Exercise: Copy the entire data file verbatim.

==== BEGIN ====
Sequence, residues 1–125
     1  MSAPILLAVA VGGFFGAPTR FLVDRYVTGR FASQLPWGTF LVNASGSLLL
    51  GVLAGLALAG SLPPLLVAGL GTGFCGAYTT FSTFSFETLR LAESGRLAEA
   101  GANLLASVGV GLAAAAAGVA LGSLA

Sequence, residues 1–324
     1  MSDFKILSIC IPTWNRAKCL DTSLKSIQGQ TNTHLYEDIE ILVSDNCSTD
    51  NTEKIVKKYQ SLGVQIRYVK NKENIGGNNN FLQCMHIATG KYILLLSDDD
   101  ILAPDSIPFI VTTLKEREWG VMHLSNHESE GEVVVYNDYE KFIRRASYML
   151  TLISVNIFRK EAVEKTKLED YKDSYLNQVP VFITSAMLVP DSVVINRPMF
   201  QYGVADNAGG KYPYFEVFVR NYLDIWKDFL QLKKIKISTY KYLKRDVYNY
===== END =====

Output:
Sequence, residues 1–125
     1  MSAPILLAVA VGGFFGAPTR FLVDRYVTGR FASQLPWGTF LVNASGSLLL
    51  GVLAGLALAG SLPPLLVAGL GTGFCGAYTT FSTFSFETLR LAESGRLAEA
   101  GANLLASVGV GLAAAAAGVA LGSLA

Sequence, residues 1–324
     1  MSDFKILSIC IPTWNRAKCL DTSLKSIQGQ TNTHLYEDIE ILVSDNCSTD
    51  NTEKIVKKYQ SLGVQIRYVK NKENIGGNNN FLQCMHIATG KYILLLSDDD
   101  ILAPDSIPFI VTTLKEREWG VMHLSNHESE GEVVVYNDYE KFIRRASYML
   151  TLISVNIFRK EAVEKTKLED YKDSYLNQVP VFITSAMLVP DSVVINRPMF
   201  QYGVADNAGG KYPYFEVFVR NYLDIWKDFL QLKKIKISTY KYLKRDVYNY